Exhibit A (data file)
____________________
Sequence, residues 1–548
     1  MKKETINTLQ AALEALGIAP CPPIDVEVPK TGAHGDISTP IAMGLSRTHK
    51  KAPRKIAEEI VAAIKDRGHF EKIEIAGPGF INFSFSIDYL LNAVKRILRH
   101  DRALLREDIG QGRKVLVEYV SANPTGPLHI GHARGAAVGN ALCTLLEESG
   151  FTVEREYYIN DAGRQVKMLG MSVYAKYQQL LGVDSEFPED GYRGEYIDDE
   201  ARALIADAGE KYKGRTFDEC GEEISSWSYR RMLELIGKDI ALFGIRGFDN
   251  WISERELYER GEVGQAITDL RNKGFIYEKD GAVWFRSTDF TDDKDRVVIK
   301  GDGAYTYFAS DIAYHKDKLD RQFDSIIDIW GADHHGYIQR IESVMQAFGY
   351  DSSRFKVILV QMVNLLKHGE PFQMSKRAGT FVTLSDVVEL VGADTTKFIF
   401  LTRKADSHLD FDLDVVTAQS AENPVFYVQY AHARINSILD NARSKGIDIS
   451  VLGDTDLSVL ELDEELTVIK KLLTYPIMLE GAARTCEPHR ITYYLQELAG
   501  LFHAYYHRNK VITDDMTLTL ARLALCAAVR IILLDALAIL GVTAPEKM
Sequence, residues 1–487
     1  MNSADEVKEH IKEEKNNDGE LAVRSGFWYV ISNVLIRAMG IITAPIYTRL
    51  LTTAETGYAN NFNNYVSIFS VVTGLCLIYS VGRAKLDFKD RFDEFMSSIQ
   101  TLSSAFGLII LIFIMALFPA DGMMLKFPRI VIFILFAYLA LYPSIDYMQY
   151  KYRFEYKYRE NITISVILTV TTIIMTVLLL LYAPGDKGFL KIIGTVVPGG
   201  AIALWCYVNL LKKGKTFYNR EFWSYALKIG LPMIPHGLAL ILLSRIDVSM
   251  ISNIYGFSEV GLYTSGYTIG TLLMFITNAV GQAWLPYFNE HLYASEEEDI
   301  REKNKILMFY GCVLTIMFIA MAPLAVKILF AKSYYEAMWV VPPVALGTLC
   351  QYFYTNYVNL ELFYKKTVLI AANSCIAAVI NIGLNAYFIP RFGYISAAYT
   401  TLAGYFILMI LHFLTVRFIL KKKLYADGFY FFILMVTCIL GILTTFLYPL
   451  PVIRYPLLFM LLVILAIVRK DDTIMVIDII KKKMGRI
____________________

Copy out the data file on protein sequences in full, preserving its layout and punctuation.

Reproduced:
Sequence, residues 1–548
     1  MKKETINTLQ AALEALGIAP CPPIDVEVPK TGAHGDISTP IAMGLSRTHK
    51  KAPRKIAEEI VAAIKDRGHF EKIEIAGPGF INFSFSIDYL LNAVKRILRH
   101  DRALLREDIG QGRKVLVEYV SANPTGPLHI GHARGAAVGN ALCTLLEESG
   151  FTVEREYYIN DAGRQVKMLG MSVYAKYQQL LGVDSEFPED GYRGEYIDDE
   201  ARALIADAGE KYKGRTFDEC GEEISSWSYR RMLELIGKDI ALFGIRGFDN
   251  WISERELYER GEVGQAITDL RNKGFIYEKD GAVWFRSTDF TDDKDRVVIK
   301  GDGAYTYFAS DIAYHKDKLD RQFDSIIDIW GADHHGYIQR IESVMQAFGY
   351  DSSRFKVILV QMVNLLKHGE PFQMSKRAGT FVTLSDVVEL VGADTTKFIF
   401  LTRKADSHLD FDLDVVTAQS AENPVFYVQY AHARINSILD NARSKGIDIS
   451  VLGDTDLSVL ELDEELTVIK KLLTYPIMLE GAARTCEPHR ITYYLQELAG
   501  LFHAYYHRNK VITDDMTLTL ARLALCAAVR IILLDALAIL GVTAPEKM
Sequence, residues 1–487
     1  MNSADEVKEH IKEEKNNDGE LAVRSGFWYV ISNVLIRAMG IITAPIYTRL
    51  LTTAETGYAN NFNNYVSIFS VVTGLCLIYS VGRAKLDFKD RFDEFMSSIQ
   101  TLSSAFGLII LIFIMALFPA DGMMLKFPRI VIFILFAYLA LYPSIDYMQY
   151  KYRFEYKYRE NITISVILTV TTIIMTVLLL LYAPGDKGFL KIIGTVVPGG
   201  AIALWCYVNL LKKGKTFYNR EFWSYALKIG LPMIPHGLAL ILLSRIDVSM
   251  ISNIYGFSEV GLYTSGYTIG TLLMFITNAV GQAWLPYFNE HLYASEEEDI
   301  REKNKILMFY GCVLTIMFIA MAPLAVKILF AKSYYEAMWV VPPVALGTLC
   351  QYFYTNYVNL ELFYKKTVLI AANSCIAAVI NIGLNAYFIP RFGYISAAYT
   401  TLAGYFILMI LHFLTVRFIL KKKLYADGFY FFILMVTCIL GILTTFLYPL
   451  PVIRYPLLFM LLVILAIVRK DDTIMVIDII KKKMGRI